Review: The Use of Weapons imprint has mastered the easy to grasp, hard to master formula of matching clutches of (excellent) original tracks from Cottam and label bosses Deep Space Orchestra with well-chosen and even better executed remixes from the likes of Hunee, Neville Watson and Marcello Napoletano. The fourth release sees a change in tack, with the label opting to focus on original material from 6th Borough Project, Haku, Andy Ash and of course Deep Space Orchestra. Graeme The Revenge Clark and Craig Smith kick off proceedings with the suitable thick set slow burning "Estranged Lover", though it's "Rugo" by Haku that impresses most. The new project of Deep Space Orchestra's Chris Barker, the track is a superb kaleidoscopic concoction of fizzing uptempo live percussion, synths and drum machines that has more than a touch of the Carl Craigs about it. Andy Ash switches proceedings back to chunky mutant discoid dirt with the heads down, tops off vibes of "Somehow" while the Deep Space Orchestra head for the expanses of future tech jazz with the ten minute odyssey "Erase Everything".
Review: After a successful first round that featured the likes of Kassem Mosse alongside Juniper and some lesser known friends of the label, Manchester promoters-turned-imprint Meandyou are back with another various artists release that plumbs further depths around the fringe pools of house and techno. Aatropa & Tephillin deliver the most upfront cut in "Bells Jam", which still lurks in oddball synth flourishes around a chunky thud of kick drum, before Fabric drifts out into ambient bliss. Herron meanwhile plies a long lead-in before blossoming into a dexterous and delicate broken techno formation of the highest order, and then Metropolis cools things back down with a winsome groan of a beatless excursion.
Review: Repressed and back in. Old skool Chicago tech-house. For fans of the Relief label, Mike Dearborn, and the recent Steve Poindexter record (which featured a Hieroglyphic Being cut). Just as funky as it is techy.
Chocolate Black Leather (Brennan Green instrumental remix)
Chocolate Black Leather (Brennan Green beatless version)
Review: Danny Was A Drag King, the delightfully named new record label initiative betwixt Ajello and Hell Yeah launches with a veritable bang! "Chocolate Black Leather" sees the former veterans of the contemporary Italo disco scene team up with it's premier queen, Hard Ton, for a delightfully loud mixture of crisp drums, acidic basslines and schizoid synth arpeggiations - all naturally engulfed in the diva stylings of Hard Ton. Just to add an extra smattering of "you might want to buy this" D.W.D.K. enlisted Brooklyn icon Brennan Green to get busy on the source material - and in a pique of generosity the China Town boss came through with no less than three variants. Whilst all three are tinged with acidic intent to varying degrees it is the full-on wig out of "Acid Dub" that impresses most.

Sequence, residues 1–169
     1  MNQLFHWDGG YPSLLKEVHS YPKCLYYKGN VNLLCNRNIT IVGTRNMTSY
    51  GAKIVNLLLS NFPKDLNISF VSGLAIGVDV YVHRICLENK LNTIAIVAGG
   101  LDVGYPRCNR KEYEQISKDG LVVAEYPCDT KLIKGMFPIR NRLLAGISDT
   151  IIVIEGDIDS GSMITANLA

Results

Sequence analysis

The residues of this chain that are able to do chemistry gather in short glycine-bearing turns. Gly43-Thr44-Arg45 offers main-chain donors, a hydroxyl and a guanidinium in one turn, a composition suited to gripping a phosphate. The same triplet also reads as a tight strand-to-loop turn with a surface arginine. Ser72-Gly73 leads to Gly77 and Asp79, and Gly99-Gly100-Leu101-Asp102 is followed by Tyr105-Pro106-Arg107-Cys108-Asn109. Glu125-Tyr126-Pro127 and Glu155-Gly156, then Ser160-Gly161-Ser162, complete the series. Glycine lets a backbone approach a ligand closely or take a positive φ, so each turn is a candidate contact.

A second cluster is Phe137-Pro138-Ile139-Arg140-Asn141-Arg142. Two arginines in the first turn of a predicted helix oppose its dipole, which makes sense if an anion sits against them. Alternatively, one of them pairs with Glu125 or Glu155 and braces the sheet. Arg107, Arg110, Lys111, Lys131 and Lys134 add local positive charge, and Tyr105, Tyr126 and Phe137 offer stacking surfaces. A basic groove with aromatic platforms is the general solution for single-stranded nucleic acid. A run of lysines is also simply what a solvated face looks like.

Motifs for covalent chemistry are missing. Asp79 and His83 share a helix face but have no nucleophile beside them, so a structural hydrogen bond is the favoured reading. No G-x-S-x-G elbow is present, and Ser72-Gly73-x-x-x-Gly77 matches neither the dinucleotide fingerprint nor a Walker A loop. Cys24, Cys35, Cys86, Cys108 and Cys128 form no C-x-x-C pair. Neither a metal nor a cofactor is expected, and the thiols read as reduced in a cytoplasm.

Review: This split EP offers a number of attractions, not least a luscious sound that fixes classic, Detroit style futurism to vintage deep house grooves. There's something particularly galactic about the undulating synths and tight grooves of Hakim Murphy's "Hazey Plains In Time", while the same producer's "Chill" delivers a bubbling journey through warm electronics and tasty melodies. More obviously floor-friendly is Amir Alexander's borderline anthemic "Eyes Open Mouth Shut" - all touchy-feely chords, booming grooves and cascading synth melodies - while the quicker "Bittersweet Memories" evokes images of classic Motor City productions. Impressive stuff, all told.
Rob Amboule & Manuel Schatz - "Manz Not Hot" (6:30)
Peter Raw - "Brotherhood" (5:52)
HDV - "Digital Delight" (5:44)
Kosh - "The Mess" (5:08)
Review: Sounds Benefit founder Tom Joyce cast his net far and wide when sniffing out cuts to include on the label's latest multi-artist EP. There's plenty of little-known talent on show across the four tracks that make-up the EP, which come from artists based in Frankfurt, Paris and - most surprisingly - Casablanca. We're particularly enjoying the hybrid electro/spacey tech-house bounce of Peter Raw's wonderfully swinging "Brotherhood", though the deep and melodious electro bounce of Kosh's "The Mess" is also really rather good. Elsewhere, Manuel Schatz and Rob Amboule offer up some bold and snappy Motor City techno/acid house fusion, while HDV's "Digital Delight" is raw, analogue, funky and decidedly alien in tone.